A moving moment

(I sink to the depths of the rest of the media by using a punning title. But it’s a good pun.)
Yesterday Dr Clive Gerrard (retired Assistant Director, Computing Service) and I (John Law) moved the front console of the IBM 360/67 from Claremont Tower to the USB, in preparation for the 360-themed display which, it is hoped, will open in the first week of November.

The console (which fronted the CPU of the mainframe) moved into Claremont Tower, along with about 12 tons of the rest of the computer, in August 1967. The mighty machine was decommissioned and scrapped in 1984. Roger saved many parts, among which the front console was the prize exhibit.  The console lived in various places for the next 34 years, until yesterday.

Today (5th October) is the last working day of NUIT in the Claremont Building: next Monday all staff move to Black Horse House (behind Civic Centre) — for good.  This ends 51 years of Computing’s association with Claremont Tower  …. but not quite!  The Computer Room in the Sub-Basement remains intact (as it had to), and systems staff will continue to visit it. For the foreseeable future.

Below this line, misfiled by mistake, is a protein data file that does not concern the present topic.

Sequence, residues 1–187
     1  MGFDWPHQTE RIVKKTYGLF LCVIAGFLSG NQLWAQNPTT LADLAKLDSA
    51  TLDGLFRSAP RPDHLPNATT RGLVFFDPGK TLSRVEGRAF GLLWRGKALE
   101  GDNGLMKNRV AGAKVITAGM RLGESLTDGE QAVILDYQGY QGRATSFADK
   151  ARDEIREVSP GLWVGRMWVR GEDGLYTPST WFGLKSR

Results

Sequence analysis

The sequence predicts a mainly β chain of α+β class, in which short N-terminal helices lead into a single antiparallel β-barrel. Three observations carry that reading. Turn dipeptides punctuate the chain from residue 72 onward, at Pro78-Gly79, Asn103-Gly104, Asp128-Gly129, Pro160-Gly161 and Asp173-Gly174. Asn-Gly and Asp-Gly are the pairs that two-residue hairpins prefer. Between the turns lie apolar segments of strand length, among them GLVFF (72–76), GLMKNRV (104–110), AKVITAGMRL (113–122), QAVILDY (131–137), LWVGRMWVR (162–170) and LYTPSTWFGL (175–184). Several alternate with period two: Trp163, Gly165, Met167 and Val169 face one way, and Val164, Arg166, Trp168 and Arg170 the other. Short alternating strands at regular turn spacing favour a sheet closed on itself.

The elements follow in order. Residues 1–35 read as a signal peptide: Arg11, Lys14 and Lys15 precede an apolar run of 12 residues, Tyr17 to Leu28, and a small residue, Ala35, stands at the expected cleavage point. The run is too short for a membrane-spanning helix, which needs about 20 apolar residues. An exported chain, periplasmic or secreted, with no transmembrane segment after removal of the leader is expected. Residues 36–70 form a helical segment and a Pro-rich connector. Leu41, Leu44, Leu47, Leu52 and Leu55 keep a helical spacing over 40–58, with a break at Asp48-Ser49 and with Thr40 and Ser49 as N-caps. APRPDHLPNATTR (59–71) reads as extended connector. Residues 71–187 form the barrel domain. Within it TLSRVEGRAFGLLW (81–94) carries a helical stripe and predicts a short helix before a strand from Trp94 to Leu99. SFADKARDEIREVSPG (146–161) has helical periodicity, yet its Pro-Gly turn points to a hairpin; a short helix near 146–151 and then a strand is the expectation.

This was taken in the very early 1970s. Console at work! Or rather not: the lovely Ada is surrounded by concerned System Programmers: a glitch has occurred, work has come to a halt. Keith Barnett and Pete Whillance are the two SPs that we can see.

The console spent most of its retired life (so far) in Roger Broughton’s office.

An unfamiliar view, of the back of the console. See the wonderful work of IBM’s engineers in designing and bulding this thing of beauty. Clive and I are about to pack it up …

… in its bespoke transportation crate.

Luxury transport awaits.

And so we leave Claremont Tower to Sir Robert McAlpine…

… for the bright open spaces of the Urban Sciences Building, at The Helix.

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About nmoca

'nmoca' is the ID assigned to the voluntary group looking after the Roger Broughton Historical Computing Collection; there are half a dozen of us. We use nmoca when we need to do things using the University's systems. Most entries in this blog from 'nmoca' will be entered by John Law (ex-member of staff of University Computing Service).

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